Choosing a NoSQL Database.
There are lots of different NoSQL implementations, so I won’t go into detail here other than to say that my requirements were simple. I wanted something…
- available via 3rd party PaaS providers like Amazon and Jelastic
- that uses a document store approach (as opposed to key/value or graph)
- open source and freely available
- with a good Java API
- with good developer documentation
- that can be installed locally
- which I could administer myself (easier the better since I don’t want to be a DBA)
In the end my database choices came down to the two market leaders: MongoDB and CouchDB. Mongo has a great Java API, it’s popular with the Java community and it has good developer documentation. However, its admin features are rather unfriendly, with just a command line to keep you company. CouchDB, on the other hand, is much friendlier thanks to its ‘Futon’ UI. CouchDB has most of the technical benefits of Mongo (certainly in this R&D setting) but it lacks an out of the box Java API (REST is the default interface). Luckily, the Java community has stepped in with a number of native Java drivers for CouchDB, the best for me being the Ektorp library which is very simple to use but also very effective.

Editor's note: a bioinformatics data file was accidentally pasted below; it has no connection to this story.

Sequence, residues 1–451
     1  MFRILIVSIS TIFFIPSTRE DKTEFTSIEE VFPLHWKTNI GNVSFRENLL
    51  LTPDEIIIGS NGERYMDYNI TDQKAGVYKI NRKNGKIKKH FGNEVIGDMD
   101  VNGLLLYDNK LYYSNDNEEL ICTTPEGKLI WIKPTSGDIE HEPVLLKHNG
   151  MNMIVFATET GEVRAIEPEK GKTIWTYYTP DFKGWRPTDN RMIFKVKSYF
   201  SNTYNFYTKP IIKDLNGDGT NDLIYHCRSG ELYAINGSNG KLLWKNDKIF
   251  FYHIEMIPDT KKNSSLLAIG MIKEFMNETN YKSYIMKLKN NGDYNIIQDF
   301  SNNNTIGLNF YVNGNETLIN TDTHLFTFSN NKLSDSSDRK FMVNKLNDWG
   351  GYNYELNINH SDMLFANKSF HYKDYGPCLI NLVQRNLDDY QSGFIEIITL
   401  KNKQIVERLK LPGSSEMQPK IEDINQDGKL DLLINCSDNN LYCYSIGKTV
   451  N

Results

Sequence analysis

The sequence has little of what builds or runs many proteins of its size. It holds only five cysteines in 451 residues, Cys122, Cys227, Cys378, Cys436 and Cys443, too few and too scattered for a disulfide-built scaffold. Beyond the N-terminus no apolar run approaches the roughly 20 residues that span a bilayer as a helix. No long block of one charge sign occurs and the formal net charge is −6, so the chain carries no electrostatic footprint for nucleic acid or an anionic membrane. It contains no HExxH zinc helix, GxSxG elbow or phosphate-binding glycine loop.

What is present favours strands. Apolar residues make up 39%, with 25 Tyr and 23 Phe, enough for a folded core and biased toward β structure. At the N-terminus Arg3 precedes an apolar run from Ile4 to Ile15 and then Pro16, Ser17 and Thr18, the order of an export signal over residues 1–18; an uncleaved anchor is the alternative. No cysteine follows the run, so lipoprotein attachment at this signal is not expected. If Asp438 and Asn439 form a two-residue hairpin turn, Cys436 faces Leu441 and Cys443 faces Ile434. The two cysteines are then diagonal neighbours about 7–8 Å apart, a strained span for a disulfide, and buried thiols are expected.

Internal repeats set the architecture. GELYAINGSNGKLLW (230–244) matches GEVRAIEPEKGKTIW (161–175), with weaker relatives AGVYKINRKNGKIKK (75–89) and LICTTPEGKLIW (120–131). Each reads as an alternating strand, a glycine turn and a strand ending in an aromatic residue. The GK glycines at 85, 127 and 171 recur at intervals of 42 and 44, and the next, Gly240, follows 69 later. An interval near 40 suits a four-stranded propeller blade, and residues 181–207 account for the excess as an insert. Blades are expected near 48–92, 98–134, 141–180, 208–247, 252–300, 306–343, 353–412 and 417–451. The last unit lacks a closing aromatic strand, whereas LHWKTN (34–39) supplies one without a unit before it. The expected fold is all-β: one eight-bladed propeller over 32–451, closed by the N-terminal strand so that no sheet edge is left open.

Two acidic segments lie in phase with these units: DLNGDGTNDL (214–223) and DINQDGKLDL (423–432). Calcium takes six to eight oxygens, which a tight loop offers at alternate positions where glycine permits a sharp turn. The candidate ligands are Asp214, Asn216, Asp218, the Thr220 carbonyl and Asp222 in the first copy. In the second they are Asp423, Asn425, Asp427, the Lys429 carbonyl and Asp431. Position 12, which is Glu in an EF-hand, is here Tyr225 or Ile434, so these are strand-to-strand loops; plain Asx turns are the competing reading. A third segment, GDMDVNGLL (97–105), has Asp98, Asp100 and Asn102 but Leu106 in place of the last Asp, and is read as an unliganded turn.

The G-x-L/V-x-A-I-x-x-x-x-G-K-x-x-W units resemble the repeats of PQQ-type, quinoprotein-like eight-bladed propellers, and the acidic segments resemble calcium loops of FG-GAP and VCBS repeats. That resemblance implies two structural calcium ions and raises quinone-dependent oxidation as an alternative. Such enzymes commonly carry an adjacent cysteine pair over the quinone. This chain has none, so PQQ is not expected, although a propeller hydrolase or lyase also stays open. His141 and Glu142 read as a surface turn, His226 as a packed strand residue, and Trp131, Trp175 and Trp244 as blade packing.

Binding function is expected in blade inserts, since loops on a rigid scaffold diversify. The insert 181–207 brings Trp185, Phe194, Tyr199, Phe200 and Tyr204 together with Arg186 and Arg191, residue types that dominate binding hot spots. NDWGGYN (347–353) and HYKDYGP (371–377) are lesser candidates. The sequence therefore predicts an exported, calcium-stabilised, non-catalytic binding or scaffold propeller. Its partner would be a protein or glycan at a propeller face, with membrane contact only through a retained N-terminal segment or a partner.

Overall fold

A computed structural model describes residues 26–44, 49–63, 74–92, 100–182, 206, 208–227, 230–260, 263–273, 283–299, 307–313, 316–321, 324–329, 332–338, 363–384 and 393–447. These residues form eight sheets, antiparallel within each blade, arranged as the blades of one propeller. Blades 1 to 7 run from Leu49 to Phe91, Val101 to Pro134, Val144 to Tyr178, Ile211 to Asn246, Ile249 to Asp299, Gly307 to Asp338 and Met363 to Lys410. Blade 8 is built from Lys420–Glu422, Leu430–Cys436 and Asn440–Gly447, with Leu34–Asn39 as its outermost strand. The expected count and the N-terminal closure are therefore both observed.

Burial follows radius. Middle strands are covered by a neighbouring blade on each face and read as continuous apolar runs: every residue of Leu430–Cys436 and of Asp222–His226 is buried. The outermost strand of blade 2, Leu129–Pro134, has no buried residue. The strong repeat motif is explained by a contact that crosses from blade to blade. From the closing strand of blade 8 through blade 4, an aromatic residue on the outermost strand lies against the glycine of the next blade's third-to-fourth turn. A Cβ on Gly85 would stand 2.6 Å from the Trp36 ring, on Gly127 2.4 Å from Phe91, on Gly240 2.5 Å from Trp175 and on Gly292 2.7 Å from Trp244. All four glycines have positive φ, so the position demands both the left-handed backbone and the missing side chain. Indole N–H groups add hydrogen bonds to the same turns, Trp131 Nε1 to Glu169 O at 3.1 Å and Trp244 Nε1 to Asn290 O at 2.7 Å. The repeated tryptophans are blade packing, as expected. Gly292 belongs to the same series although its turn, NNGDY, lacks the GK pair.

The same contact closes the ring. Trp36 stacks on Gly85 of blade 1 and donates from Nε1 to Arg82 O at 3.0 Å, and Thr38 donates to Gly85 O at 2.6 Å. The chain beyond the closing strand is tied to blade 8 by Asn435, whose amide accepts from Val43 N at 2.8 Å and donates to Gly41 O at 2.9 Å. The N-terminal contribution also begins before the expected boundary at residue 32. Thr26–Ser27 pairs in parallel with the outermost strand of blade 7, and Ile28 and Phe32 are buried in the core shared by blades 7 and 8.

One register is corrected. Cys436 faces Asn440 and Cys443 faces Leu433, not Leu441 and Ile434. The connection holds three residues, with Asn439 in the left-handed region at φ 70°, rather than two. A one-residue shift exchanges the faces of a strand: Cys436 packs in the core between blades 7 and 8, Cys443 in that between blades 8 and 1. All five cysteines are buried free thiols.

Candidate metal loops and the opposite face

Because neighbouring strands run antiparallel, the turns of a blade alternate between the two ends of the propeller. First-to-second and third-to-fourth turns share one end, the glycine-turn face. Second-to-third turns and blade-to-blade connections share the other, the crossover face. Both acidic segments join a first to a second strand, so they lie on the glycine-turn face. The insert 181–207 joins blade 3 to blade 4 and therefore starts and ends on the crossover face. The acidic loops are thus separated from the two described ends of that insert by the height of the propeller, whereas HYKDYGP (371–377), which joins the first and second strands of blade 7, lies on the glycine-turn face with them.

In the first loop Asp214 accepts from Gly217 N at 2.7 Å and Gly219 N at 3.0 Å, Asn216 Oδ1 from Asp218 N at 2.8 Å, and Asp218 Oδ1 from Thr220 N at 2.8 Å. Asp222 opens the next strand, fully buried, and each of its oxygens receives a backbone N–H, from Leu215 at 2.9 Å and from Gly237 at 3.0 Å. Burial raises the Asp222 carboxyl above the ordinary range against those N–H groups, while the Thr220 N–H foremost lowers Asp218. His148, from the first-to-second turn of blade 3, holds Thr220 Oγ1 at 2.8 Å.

My goals for this R&D exercise are to:
- implement a viable entity service using a contract-first approach (Web Service bound to SOAP, fully WS-I compliant contract and with predefined data structures).
- discover if using a NoSQL database rather than JPA for data persistence and retrieval can increase developer productivity and reducing the overall effort of entity service implementation.